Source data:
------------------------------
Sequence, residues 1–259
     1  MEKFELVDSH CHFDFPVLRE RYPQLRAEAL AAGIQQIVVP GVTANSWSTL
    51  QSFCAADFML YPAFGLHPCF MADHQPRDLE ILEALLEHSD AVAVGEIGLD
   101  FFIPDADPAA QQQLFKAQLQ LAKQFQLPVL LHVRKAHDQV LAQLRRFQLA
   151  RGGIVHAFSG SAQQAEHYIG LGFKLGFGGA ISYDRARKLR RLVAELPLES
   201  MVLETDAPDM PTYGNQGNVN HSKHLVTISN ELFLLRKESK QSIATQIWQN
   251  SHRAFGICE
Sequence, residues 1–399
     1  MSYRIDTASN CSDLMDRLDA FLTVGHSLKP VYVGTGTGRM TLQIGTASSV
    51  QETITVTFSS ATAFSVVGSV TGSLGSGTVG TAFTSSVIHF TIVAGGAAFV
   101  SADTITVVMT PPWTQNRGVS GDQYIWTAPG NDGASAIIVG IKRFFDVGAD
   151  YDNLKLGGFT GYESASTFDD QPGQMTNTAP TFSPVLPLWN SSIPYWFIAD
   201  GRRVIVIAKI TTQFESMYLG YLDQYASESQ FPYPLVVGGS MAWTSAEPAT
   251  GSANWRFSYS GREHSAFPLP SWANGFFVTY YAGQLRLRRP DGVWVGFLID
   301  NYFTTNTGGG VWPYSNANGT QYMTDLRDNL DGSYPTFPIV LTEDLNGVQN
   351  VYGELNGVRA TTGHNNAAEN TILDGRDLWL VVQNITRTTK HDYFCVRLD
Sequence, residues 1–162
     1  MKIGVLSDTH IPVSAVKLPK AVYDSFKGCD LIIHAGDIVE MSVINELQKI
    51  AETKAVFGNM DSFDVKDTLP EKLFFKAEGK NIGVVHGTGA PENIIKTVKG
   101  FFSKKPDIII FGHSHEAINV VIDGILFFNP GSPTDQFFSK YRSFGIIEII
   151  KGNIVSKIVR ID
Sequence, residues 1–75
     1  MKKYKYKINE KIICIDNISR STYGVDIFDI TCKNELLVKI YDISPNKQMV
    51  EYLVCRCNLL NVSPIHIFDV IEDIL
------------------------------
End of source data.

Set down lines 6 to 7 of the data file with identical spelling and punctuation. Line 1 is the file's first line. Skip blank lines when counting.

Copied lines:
   201  MVLETDAPDM PTYGNQGNVN HSKHLVTISN ELFLLRKESK QSIATQIWQN
   251  SHRAFGICE